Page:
Most mines continue to face significant productivity problems associated with working conditions, dwindling reserves and slender profit margins. South Africa has built the world’s only oil-from-coal plants. The three plants supply 70 percent of the country’s gasoline needs and the bulk of the petrochemicals used in industry. A major find of natural gas offshore near Mossel Bay has been converted to gasoline production. Agriculture accounts for about five percent of GDP and 30 percent of the labor force. Only 15 percent of the country is farmable.

South Africa’s economic performance in the 1980’s and the early 1990’s was severely hampered by a poor political environment and the deteriorating terms of trade. Terms of trade can be defined as the ratio of export prices to import prices. The success of the April 1994 elections and the subsequent establishment of the government of national unity (GNU) have removed an important obstacle to growth, restoring legitimacy to the governing process and creating a more conducive environment for both domestic as well as foreign investment.

The governments Reconstruction and Development Program (RDP) will provide numerous and important economic opportunities. The primary focus of the program is on meeting basic needs, it also emphasizes the need for maintaining sound economic policies, for becoming accountable and more transparent, as well as for controlling government spending through improved efficiencies. The Reconstruction and Development Program (RDP) is an integrated and coherent socioeconomic policy framework seeking to mobilize all the people of South Africa and its resources to reduce poverty and provide opportunity and growth in a stable society.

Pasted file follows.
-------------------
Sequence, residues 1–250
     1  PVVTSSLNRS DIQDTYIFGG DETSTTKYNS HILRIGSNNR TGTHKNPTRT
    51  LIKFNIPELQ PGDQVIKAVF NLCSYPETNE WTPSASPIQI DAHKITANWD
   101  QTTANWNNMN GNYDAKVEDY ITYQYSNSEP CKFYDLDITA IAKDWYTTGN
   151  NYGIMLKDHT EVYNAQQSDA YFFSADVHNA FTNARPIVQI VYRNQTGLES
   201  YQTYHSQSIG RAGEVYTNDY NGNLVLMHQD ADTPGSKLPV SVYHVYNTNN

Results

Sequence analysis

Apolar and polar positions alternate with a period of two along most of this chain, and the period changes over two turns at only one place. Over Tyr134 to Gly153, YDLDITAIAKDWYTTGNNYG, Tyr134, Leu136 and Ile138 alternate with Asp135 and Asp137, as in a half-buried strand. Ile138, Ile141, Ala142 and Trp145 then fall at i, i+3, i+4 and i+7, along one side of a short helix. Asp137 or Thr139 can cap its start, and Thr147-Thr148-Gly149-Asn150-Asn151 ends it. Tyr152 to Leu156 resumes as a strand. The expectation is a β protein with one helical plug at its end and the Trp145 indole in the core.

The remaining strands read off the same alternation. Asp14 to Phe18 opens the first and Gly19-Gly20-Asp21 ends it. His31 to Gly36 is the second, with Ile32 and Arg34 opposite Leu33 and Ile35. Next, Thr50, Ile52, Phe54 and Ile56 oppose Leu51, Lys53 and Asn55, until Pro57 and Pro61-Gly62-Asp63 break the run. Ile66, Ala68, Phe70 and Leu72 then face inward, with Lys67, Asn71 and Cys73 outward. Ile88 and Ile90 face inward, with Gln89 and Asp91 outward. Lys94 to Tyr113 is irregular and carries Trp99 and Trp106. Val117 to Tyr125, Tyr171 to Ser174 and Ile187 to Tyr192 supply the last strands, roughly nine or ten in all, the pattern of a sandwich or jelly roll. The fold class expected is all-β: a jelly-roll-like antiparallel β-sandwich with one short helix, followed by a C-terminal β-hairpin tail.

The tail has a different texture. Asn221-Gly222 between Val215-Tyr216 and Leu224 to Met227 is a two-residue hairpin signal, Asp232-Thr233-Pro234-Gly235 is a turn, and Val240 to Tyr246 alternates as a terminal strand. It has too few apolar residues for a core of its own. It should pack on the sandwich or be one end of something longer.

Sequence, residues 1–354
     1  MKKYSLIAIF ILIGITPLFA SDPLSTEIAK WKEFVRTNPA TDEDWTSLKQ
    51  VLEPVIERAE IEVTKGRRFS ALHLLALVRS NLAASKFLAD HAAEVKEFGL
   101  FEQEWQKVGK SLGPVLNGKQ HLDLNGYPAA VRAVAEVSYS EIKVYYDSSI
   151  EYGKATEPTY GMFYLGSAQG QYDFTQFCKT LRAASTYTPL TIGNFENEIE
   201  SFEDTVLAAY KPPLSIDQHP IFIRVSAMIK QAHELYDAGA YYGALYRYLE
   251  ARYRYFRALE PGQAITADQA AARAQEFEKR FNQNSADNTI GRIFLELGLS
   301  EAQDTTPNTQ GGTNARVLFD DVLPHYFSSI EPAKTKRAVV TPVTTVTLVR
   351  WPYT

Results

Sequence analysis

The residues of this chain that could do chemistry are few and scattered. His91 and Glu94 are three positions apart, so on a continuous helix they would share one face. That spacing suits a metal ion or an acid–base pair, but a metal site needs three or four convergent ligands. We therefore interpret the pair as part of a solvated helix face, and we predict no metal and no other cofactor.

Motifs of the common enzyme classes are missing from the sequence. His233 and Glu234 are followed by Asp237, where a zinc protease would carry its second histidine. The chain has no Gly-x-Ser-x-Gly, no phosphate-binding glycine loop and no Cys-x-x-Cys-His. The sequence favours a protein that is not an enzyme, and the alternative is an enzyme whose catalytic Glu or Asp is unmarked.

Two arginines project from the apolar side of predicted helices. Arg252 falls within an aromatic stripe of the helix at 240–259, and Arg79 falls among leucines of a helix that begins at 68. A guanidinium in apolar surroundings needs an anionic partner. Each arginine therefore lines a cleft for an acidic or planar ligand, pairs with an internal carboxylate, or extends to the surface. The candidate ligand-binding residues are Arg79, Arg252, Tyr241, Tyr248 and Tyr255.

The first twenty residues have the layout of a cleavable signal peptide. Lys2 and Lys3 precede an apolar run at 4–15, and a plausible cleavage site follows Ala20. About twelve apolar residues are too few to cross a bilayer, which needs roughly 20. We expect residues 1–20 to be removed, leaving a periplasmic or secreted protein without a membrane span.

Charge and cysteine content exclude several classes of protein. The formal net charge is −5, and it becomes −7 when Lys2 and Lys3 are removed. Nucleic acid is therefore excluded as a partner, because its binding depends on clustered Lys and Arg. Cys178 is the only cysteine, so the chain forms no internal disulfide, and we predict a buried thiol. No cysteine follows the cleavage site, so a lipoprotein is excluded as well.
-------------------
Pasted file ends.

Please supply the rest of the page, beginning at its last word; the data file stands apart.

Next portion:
The RDP sets out to integrate growth, development, reconstruction, redistribution and reconciliation into a unified program. The country’s economic system, is marked as a sophisticated industrial economy that has been developed alongside an underdeveloped economy. The established infrastructure and economic base has great potential, particularly for the opening up of the modern developed sector to make it accessible to the vast majority of people, and the continued development of the underdeveloped sector through increased employment opportunities.

The South African economy experienced a severe recession between 1990 and 1993. Between 1993 and 1996 there was a marked recovery and improved confidence in the business sector. This recovery was evidenced by a decline in the rate of inflation and by growth in the economy. The average rate of increase of the consumer price index during 1996 was 7. 4% (the lowest rate of inflation in South Africa since 1972). The growth rate in the South African GDP in that year was 3. 1%. Although the average rate of increase of the consumer price index increased to 8. in the period from January 1997 to February 1998, the rate of inflation in South Africa is still substantially lower than the rate in the 1980s. Although the growth rate in South Africa’s GDP during 1997 dropped to 1. 7%, future projections are favorable. In 1995, approximately 29. 3% of the economically active population were unemployed. Nigeria The most populace (Population: 107,129,469 July 1997 est. ) and one of the most politically significant states in Africa, is Nigeria. Nigeria is a resource-rich country that has fallen victim to government mismanagement of its economy.